daily preciousness

Friday, September 10, 2004


Nadia is the official Punky Brewster of my school.

No. Actually, make that Punky Brewster-ovich.

This little 6-year-old cutie didn't have two rubles to rub together two years ago. She and her brother Viktor were living in Russia. When Dad lost his job, the family fell on tough times. Until the U.S. Government stepped in, that is. Uncle Sam paid Dad a nice salary to come to D.C. and consult.

So now, Nadia and Viktor live in the tony suburb of Arlington. And the kids' English is coming along quite nicely, despite their casual neglect for definite and indefinite articles. (They still haven't gotten the hang of the words "the" and "a".)

Nadia is a difficult child. She's stubborn as Sasha, the proverbial Russian bear. She's moody. Nadia is a fighter; she picks fights with her teachers and children twice her age. She attempts to spar with her librarian (me). Plus, the girl always needs an extra five minutes to pick out her book. Despite all of this, she's one of the most loveable kids I teach. (Maybe that's because I know her backstory!)

Yesterday she let me know what she liked the most about the library. (One of the "rules" in the Library Constitution is "Find something you love about the library.") In a loud, gutteral and fiesty voice, she proclaimed, "What I love about librrarry is Meester Librrarrian!" To emphasize her point, she punched the air above her with both hands, bringing to mind the body language of another great fighter, Muhammad Ali.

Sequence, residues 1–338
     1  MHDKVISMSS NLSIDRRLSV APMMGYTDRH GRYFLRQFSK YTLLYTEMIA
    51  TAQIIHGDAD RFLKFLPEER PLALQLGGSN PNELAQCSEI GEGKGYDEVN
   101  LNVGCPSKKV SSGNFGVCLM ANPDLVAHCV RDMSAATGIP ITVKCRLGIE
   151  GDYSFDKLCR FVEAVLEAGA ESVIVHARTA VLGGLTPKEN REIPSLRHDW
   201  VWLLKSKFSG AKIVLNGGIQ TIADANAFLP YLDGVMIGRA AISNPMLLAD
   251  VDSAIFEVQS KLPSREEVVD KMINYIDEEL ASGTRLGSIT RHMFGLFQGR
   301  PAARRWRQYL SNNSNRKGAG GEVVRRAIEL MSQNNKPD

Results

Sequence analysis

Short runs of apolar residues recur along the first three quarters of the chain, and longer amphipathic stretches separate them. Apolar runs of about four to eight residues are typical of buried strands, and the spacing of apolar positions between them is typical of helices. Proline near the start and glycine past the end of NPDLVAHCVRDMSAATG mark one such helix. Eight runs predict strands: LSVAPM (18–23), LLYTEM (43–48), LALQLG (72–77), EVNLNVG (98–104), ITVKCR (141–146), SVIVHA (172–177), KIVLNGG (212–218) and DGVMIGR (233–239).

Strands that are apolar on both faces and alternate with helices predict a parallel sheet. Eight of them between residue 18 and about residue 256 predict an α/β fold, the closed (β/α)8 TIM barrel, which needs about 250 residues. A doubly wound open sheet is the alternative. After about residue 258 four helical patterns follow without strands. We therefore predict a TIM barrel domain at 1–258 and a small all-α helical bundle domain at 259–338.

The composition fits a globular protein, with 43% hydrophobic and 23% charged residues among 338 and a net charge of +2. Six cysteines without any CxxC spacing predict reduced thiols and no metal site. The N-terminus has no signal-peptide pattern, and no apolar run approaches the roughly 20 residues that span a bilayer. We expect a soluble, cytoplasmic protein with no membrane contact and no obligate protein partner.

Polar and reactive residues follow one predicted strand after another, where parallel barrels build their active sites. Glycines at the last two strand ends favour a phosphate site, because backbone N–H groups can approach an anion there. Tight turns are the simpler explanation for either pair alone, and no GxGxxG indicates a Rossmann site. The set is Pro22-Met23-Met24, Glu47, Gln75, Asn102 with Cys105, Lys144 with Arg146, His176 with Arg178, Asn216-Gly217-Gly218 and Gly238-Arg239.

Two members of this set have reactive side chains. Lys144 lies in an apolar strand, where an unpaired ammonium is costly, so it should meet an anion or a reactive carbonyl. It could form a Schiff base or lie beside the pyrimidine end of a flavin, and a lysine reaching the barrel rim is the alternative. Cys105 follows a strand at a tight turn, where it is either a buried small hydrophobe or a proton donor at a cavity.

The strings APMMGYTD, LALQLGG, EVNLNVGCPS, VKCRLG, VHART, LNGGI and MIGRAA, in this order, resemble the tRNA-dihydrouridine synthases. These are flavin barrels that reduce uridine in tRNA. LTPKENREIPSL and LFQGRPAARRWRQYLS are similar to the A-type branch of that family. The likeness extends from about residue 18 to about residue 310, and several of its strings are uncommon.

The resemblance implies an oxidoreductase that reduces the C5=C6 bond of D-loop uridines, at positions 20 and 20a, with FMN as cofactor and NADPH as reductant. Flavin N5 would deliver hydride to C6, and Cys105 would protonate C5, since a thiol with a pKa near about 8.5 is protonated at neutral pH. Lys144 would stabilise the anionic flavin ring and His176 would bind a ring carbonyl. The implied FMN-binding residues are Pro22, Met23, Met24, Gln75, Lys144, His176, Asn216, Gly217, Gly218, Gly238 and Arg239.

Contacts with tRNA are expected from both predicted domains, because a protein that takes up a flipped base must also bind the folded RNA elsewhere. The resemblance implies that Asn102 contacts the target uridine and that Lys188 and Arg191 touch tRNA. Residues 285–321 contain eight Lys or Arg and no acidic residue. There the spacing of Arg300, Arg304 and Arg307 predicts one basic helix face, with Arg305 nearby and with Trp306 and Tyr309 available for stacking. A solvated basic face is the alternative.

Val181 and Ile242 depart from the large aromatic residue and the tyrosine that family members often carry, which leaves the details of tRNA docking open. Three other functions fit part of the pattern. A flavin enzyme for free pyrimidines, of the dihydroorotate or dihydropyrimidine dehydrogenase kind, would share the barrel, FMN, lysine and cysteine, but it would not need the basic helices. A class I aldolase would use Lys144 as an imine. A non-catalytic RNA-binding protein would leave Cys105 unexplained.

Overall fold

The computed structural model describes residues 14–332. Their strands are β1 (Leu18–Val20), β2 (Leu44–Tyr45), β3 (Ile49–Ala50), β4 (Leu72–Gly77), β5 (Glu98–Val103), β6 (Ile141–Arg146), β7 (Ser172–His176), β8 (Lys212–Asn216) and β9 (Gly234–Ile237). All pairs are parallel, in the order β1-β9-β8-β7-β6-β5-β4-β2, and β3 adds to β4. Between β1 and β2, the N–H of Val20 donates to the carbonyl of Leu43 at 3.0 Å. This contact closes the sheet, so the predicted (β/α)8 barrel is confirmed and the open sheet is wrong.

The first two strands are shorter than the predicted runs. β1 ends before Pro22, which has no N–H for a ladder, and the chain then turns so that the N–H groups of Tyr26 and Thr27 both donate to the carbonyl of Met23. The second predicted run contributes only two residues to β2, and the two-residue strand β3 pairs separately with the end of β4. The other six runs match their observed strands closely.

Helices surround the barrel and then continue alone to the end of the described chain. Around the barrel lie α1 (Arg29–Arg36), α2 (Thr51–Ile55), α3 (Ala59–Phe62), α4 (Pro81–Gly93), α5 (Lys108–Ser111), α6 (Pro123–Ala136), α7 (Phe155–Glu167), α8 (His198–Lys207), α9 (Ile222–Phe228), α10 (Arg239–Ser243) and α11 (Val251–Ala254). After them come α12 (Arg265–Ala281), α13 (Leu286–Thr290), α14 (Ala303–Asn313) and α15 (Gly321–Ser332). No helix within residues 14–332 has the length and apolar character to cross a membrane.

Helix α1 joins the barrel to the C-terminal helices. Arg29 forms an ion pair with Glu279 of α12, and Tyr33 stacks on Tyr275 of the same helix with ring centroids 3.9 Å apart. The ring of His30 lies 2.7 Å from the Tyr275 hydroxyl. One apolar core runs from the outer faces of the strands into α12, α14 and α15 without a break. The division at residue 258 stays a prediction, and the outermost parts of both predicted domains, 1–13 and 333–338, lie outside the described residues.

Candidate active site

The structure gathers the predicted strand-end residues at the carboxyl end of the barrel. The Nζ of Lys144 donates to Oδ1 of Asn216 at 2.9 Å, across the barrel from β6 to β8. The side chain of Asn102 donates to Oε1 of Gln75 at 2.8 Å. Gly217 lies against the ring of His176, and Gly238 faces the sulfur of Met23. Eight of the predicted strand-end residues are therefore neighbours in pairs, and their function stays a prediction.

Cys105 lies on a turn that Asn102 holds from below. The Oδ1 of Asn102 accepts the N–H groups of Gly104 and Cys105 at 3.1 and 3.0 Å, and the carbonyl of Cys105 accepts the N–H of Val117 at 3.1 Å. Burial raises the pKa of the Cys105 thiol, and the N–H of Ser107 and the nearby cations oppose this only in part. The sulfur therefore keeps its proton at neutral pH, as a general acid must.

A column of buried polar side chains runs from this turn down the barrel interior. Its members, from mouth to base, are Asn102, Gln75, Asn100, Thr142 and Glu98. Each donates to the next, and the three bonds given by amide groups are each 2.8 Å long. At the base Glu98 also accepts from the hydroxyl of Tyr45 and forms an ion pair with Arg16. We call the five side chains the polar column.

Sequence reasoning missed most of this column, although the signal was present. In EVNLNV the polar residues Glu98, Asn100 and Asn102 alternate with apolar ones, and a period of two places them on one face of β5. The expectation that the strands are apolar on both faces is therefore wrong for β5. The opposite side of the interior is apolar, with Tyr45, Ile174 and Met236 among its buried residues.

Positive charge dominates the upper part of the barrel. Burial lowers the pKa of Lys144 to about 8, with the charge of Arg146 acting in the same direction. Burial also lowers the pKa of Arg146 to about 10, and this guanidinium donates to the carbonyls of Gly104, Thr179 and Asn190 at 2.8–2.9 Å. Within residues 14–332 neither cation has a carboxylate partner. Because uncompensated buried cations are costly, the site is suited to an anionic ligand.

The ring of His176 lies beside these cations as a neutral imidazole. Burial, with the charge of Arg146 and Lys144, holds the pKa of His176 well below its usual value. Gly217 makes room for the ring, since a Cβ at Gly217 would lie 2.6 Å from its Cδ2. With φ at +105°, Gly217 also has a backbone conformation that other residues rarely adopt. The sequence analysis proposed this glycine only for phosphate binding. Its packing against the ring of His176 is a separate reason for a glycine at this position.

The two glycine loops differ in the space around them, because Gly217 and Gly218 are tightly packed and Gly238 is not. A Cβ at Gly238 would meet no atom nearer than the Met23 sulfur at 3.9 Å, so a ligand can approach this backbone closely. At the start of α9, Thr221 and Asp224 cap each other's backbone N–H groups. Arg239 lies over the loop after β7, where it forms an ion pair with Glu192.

To top that, she came by after school. To make an offering. She walked up to my desk with a face as proud and self-assured as the statues of Lenin which once stood in Red Square. This little waif sautered up to my desk and offered me a shiny quarter. "What's this," I ask. "Ees for Meester Librrarrian," she replied, all smirk and sass, gleefully adding "Ees present!"

"Oh, thank you -- that's very nice, but you should keep your quarter," I told her.

She looked as though she was about to disagree. So I took her hand and gently closed her skinny fingers around the coin. She burst out in a broad smile, her freckles a constellation of good cheer.

Thanks, Nadia.


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